That wild word, "Moor Eeffoc," is the motto of all effective realism; it is the masterpiece of the good realistic principle - the principle that the most fantastic thing of all is often the precise fact.

Gilbert Keith Chesterton

Gilbert Keith Chesterton

Profession: Author
Nationality: British

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If you do not understand a man you cannot crush him. And if you do understand him, you probably will not.

What is wrong is that we do not ask what is right.

For the perplexity of life arises from there being too many interesting things in it for us to be interested properly in any of them; what we call its triviality is really the tag-ends of numberless tales; ordinary and unmeaning existence is like ten thousand thrilling detective stories mixed up with a spoon.

Different first principles make debate impossible.

Music with dinner is an insult, both to the cook and the violinist.

And pray where in earth or heaven are there prudent marriages? Might as well talk about prudent suicides.

The word "good" has many meanings. For example, if a man were to shoot his grandmother at a range of five hundred yards, I should call him a good shot, but not necessarily a good man.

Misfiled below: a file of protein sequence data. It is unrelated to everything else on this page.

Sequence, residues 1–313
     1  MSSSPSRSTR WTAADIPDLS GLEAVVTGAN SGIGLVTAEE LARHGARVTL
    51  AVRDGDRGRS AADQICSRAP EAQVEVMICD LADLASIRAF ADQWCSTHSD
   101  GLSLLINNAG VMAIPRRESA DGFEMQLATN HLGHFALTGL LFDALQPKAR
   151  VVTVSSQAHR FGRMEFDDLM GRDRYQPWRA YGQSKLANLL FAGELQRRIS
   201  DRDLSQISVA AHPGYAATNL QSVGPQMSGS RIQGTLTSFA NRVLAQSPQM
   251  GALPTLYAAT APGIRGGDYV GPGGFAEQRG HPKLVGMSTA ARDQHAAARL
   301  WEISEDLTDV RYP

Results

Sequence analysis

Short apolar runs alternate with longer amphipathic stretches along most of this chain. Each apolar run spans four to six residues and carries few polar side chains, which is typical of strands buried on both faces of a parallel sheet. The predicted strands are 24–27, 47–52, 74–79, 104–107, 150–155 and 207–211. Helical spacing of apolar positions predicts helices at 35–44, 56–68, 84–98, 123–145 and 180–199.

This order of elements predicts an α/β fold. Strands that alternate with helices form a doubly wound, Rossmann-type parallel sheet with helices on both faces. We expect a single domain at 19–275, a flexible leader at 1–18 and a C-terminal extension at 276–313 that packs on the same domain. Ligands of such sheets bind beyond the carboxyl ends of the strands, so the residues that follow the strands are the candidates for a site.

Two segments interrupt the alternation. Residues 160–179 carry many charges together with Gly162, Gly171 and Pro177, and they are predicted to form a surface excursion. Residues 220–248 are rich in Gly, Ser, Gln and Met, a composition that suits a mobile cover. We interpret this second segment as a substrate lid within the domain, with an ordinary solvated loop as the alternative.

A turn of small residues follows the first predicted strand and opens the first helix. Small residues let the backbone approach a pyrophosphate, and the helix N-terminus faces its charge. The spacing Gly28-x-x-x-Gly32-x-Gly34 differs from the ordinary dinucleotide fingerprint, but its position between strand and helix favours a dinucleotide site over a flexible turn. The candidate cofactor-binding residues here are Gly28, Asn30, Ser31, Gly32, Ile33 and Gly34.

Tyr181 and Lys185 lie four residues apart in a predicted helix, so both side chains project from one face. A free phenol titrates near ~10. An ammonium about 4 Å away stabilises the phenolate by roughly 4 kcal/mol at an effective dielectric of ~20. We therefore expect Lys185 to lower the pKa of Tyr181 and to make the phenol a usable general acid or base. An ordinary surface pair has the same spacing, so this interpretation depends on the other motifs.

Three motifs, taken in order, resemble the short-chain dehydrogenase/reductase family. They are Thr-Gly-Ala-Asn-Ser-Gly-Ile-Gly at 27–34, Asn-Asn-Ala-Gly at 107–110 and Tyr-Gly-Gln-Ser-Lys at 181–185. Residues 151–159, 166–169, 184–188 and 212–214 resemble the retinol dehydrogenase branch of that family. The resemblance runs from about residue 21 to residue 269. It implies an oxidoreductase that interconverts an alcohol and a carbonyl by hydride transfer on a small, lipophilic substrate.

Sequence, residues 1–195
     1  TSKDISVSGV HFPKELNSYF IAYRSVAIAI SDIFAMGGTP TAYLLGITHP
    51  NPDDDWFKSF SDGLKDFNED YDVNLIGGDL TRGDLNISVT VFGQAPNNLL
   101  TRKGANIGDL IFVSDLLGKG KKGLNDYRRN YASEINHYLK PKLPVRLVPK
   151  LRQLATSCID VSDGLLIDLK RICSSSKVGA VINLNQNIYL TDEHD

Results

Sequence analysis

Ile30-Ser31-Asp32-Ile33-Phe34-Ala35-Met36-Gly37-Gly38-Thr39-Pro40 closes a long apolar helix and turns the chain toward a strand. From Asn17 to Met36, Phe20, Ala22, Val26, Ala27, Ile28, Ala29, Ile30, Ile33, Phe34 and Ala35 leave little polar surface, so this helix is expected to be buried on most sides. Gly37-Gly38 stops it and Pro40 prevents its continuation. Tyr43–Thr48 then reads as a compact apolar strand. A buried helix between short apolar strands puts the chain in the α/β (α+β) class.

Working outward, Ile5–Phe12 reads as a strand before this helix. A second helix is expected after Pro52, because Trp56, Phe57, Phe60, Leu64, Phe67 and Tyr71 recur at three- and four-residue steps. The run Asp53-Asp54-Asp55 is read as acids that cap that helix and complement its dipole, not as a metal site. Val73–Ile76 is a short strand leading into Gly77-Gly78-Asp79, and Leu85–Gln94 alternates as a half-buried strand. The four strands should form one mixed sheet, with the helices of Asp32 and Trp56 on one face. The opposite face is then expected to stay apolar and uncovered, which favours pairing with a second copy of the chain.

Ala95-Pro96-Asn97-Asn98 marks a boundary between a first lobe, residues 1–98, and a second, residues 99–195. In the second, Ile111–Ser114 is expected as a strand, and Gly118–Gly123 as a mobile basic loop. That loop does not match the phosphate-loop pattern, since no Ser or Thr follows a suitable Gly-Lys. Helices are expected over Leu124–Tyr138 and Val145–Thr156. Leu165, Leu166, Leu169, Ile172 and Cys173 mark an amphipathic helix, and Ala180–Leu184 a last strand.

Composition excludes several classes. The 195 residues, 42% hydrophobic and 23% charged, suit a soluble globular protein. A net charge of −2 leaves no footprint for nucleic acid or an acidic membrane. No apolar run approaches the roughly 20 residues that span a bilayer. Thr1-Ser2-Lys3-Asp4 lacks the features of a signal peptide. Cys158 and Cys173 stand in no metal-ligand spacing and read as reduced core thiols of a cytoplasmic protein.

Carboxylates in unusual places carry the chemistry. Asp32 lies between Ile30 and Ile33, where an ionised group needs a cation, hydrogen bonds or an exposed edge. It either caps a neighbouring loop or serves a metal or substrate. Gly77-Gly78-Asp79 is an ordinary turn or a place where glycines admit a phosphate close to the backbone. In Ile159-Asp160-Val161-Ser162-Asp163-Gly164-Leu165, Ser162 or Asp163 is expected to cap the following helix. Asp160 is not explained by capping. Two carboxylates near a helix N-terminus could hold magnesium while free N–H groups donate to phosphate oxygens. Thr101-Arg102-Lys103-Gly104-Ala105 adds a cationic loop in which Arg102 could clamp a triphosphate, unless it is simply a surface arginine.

Let a man walk ten miles steadily on a hot summer's day along a dusty English road, and he will soon discover why beer was invented.

We are talking about an artist; What he makes outside him must correspond to something inside him; he can only make his effects out of some of the materials of his soul.

Where does a wise man hide a pebble?" And the tall man answered in a low voice: "On the beach." The small man nodded, and after a short silence said: "Where does a wise man hide a leaf?" And the other answered: "In the forest.

A madman is not someone who has lost his reason but someone who has lost everything but his reason.

A man is angry at a libel because it is false, but at a satire because it is true.

I would look at the first chapter of any new novel as a final test of its merits. If there was a murdered man under the sofa in the first chapter, I read the story. If there was no murdered man under the sofa in the first chapter, I dismissed the story as tea-table twaddle, which it often really was.

Perfectly, replied Syme; always be comic in a tragedy.